Homeric nod

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Homeric nod

A continuity error in a work of fiction. An allusion to the Greek poet Homer, whose epic poems contain several apparent errors in continuity. Though the film is being heralded by many as the director's masterpiece, there is a Homeric nod towards the end that is undeniably jarring.
See also: nod
Farlex Dictionary of Idioms. © 2015 Farlex, Inc, all rights reserved.
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References in periodicals archive ?
Even Homer nods sometimes I suppose; or perhaps the great and the good become complacent.
Even the great Homer nods, however, and Hendry couldn't make it nine out of nine.
Horace's Quandoque bonus dormitat Homerus ("Sometimes even old Homer nods")?
If Homer nods, it is in the conclusion: "Gone forever was the talk of replicating other civilizations--a new Rome or a new Athens, even a new London.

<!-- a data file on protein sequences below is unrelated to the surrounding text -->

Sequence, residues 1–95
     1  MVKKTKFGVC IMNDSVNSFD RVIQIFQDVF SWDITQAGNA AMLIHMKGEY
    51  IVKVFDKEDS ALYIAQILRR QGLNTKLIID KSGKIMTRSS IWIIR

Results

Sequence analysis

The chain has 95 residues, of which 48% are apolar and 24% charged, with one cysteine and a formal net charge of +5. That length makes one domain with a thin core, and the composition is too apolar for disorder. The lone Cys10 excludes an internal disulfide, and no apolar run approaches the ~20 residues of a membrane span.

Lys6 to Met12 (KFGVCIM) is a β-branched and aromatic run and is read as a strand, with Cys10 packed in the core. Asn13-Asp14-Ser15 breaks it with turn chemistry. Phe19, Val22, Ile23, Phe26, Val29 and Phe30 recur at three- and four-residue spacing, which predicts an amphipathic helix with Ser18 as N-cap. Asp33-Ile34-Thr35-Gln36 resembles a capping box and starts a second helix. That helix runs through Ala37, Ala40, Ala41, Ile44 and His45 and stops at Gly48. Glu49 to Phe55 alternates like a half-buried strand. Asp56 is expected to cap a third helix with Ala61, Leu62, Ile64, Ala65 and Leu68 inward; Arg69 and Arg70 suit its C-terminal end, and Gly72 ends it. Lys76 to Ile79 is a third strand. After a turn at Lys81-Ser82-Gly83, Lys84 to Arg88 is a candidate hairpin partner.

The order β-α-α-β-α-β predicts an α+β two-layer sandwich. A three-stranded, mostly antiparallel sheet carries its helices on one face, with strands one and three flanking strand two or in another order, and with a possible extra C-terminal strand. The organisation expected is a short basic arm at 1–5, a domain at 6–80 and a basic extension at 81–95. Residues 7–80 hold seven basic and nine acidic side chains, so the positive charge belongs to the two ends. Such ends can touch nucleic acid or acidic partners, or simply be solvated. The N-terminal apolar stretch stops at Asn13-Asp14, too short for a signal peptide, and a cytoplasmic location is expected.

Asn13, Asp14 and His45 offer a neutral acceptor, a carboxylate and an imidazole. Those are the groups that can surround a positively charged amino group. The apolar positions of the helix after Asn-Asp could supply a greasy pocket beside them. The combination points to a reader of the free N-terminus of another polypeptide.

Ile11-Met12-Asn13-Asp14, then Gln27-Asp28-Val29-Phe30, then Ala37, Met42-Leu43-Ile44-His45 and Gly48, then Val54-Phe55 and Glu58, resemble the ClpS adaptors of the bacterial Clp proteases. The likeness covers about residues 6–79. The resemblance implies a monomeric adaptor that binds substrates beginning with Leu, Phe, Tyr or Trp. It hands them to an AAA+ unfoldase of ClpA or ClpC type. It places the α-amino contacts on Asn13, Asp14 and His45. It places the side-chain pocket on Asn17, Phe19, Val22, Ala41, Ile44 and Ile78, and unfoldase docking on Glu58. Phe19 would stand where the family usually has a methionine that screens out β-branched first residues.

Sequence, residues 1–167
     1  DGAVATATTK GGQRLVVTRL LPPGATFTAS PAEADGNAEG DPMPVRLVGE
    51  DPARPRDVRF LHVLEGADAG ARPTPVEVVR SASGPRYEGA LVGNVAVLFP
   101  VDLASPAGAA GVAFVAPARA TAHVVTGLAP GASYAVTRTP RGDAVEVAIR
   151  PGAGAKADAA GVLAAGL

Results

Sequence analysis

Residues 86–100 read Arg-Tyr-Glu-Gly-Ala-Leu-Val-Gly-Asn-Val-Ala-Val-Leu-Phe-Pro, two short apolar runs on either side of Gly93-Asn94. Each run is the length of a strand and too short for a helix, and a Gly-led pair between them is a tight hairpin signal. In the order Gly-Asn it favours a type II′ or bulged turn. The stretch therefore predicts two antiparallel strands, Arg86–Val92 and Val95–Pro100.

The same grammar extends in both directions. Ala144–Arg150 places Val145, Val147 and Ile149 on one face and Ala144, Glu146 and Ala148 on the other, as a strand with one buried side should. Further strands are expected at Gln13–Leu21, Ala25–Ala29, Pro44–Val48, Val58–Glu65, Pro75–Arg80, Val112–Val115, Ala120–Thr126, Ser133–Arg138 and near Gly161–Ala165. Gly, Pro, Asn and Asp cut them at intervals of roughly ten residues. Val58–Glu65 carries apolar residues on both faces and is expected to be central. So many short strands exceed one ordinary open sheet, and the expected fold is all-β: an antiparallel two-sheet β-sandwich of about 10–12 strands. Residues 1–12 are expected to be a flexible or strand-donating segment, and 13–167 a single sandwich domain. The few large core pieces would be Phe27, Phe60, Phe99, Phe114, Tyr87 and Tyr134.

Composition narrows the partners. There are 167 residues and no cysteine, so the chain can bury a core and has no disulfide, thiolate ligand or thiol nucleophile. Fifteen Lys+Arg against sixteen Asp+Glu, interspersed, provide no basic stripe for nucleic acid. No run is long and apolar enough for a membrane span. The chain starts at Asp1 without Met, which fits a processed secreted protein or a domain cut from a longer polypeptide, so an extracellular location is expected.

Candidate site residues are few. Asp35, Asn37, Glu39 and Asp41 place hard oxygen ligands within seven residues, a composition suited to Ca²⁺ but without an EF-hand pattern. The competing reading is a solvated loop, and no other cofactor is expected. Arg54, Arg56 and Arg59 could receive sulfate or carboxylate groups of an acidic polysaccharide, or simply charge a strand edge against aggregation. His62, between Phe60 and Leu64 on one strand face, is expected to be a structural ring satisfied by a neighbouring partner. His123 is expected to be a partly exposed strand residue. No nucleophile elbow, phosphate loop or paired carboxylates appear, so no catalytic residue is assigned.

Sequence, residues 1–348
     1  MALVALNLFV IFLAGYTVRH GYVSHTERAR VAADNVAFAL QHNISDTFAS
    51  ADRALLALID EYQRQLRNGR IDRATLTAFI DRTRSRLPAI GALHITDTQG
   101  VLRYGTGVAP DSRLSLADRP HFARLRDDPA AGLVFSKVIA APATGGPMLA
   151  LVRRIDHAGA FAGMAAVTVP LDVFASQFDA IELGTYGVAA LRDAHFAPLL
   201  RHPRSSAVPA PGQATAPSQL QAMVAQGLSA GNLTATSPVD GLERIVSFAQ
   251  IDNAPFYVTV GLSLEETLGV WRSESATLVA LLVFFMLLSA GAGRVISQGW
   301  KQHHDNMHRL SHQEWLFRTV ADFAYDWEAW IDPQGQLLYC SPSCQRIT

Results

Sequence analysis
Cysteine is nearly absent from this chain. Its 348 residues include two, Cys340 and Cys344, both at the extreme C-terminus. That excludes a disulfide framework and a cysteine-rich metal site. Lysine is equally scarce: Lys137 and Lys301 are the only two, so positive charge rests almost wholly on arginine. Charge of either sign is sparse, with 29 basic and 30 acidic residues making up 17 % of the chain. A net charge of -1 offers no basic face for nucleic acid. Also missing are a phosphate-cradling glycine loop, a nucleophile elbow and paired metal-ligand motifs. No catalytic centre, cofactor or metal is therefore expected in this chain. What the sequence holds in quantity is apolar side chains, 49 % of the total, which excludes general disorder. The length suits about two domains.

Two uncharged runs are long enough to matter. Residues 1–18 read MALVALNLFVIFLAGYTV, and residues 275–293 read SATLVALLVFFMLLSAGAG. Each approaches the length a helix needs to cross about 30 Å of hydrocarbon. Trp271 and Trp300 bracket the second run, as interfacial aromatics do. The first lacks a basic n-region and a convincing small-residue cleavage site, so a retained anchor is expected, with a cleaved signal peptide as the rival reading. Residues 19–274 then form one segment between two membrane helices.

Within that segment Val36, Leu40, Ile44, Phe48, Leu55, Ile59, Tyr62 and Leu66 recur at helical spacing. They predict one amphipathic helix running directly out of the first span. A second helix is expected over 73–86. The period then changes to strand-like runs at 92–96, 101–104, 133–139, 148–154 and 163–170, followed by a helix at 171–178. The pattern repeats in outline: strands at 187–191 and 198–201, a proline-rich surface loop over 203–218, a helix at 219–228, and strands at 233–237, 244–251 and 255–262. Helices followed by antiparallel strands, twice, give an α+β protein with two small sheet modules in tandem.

"Even Homer nods" is a salutary alternative to the prospect of works of literature as ideological doomsday machines that must, on principle, deconstruct themselves.
121 Homer nods several times: line 9 should read 'that odd sting'; in line 38 Byron writes 'Pymalion' for 'Pygmalion', and even his spelling does not extend to 'beseeech' in line 42.
In 'Homer Nods Too' (JNZL 9), Maurice Shadbolt places himself on a direct line of descent from Homer.
It is to Horace that we owe the observation that even the splendid Homer nods occasionally, and to our own experience that not only great works of literature but important bodies of work by major writers have their low points.